Story and Photos by Noah Kutz
Headlines across the nation read similarly: “They shared a bunk bed growing up. Both were killed by the police” or “Examining how police bullets shattered a Brooklyn family. Twice.”
These sobering words from national news sources serve as a reminder of the unfortunate divide between police officers in the U.S. and the people they vow to protect and serve.
Public opinion toward the police force varies per community, but for an ASU research professor, one thing remains apparent:
“In the past couple years, kids’ perceptions of law enforcement have really declined,” he says. “We know that relationships are strained, and we know time and again that every time kids see something in the news it decreases their perception of law enforcement.”
Adam Fine is a research professor of criminology in the ASU College of Public Service and community solutions. In recent years, Fine has conducted research focusing on juvenile delinquency and generalized views of law enforcement within select communities. Fine and his research team performed randomized controlled trials on elementary schools in the Compton neighborhoods in L.A., recognizing that schools that made an effort to bridge the gap between students and law enforcement eventually made a greater impact on those kids’ psychological perceptions of police officers and of themselves.
But how can a school truly connect its students to the law enforcement in their community? Introducing the Team Kids Challenge.
Team Kids is an organization devoted to improving communities across the U.S. by “empowering children to change the world,” according to Julie Hudash, founder and CEO of the nonprofit.
The team of volunteers partners with elementary schools across the U.S. and works as a platform for connecting students to the police officers and firefighters in their school districts.
Two Tempe schools, Arredondo and Aguilar Elementary, recently became recipients of this program, with officials noting that they already have seen immense change and results in each school’s student body.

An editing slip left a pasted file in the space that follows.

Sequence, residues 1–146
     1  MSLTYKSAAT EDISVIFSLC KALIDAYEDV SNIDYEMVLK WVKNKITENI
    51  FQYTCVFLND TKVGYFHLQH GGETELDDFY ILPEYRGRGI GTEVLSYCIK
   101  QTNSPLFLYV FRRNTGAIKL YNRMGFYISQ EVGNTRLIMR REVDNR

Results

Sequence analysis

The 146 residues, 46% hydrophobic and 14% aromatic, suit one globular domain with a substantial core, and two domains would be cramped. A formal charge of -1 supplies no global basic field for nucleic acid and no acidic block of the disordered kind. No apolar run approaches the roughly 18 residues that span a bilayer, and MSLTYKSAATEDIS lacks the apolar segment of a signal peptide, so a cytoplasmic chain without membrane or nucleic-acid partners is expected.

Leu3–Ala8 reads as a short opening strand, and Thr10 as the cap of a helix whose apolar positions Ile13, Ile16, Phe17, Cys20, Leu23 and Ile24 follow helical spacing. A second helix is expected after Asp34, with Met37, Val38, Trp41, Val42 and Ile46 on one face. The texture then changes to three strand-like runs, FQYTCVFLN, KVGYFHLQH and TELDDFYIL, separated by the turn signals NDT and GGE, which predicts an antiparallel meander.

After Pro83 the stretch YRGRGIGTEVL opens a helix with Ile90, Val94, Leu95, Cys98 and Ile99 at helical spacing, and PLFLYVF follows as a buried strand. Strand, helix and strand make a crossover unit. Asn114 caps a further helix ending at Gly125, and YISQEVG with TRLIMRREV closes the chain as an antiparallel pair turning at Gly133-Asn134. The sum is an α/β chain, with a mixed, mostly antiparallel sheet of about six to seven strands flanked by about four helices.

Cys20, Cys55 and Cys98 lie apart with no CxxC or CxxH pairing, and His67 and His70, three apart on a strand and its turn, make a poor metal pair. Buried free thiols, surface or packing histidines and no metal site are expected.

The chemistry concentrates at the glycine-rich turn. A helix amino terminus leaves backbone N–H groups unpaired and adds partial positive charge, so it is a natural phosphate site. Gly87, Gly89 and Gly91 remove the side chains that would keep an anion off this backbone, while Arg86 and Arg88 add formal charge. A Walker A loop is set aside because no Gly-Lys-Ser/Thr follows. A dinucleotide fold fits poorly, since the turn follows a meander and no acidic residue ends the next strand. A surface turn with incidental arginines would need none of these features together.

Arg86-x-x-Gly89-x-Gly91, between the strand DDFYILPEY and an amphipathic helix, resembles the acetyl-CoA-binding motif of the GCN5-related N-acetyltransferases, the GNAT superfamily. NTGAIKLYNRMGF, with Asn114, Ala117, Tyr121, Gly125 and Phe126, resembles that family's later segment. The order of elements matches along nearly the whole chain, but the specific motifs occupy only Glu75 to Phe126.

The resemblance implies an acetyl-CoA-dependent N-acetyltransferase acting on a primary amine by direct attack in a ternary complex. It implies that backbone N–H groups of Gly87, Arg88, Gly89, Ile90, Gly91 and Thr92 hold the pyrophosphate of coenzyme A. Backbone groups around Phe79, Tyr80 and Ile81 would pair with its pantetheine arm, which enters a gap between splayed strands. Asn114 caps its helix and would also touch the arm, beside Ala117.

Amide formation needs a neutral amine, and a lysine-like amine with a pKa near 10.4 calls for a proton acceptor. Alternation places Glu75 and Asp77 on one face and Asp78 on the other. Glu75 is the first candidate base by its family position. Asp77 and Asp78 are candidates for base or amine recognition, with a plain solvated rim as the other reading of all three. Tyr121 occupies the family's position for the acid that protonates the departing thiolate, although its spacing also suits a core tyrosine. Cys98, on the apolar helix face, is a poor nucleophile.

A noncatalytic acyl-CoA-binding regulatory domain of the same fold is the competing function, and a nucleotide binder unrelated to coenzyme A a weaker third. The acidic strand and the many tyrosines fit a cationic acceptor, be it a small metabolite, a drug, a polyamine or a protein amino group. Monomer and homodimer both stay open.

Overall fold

The “challenge” is for the students to come up with a set of goals for improving their communities, and an action plan for affecting change.
Over the course of five weeks, kids have opportunities to meet with leadership teams from local businesses and law enforcement to build a plan for fundraising carnivals, in which
the funds go toward a charity of the students’ choice.
On week four the students host the carnival and raise as much money as possible; then, on week five, they meet with their leadership mentors for a debrief to see the impacts they’ve been able to make in their community.
All along the way, police officers and firefighters help the children meet their goals and help foster an image of protection and service for law enforcement as a whole.
“Every year they learn about social issues, and every year they’re learning that police and fire are the people who are there to protect them,” says Hudash. In a traditional execution of the Team Kids Challenge, the fifth graders are students who lead the events for younger kids, allowing them to become mentors themselves and giving the rest of the school something to look forward to when Team Kids returns each year.
In the past, schools have attempted to partner with law enforcement in their community, but were said to have fallen short of their goal of truly connecting with the students
and making an impact on their lives, according to Hudash.
Instead, the message was characterized as a repetitive and dull cycle of anti-drugs and anti-drinking.
Notes Hudash: “If you say ‘Alright, buddy, don’t do drugs,’ then you never think about the message you’re telling that child who says, ‘I wanted to tell you how I stopped someone from getting bullied on the playground, and all you see in me is someone who’s going to do drugs.’”
Team Kids, on the other hand, focuses on building a strong relationship between the children and law enforcement through meaningful discipleship, which eventually shapes their views of the community in an increasingly turbulent world.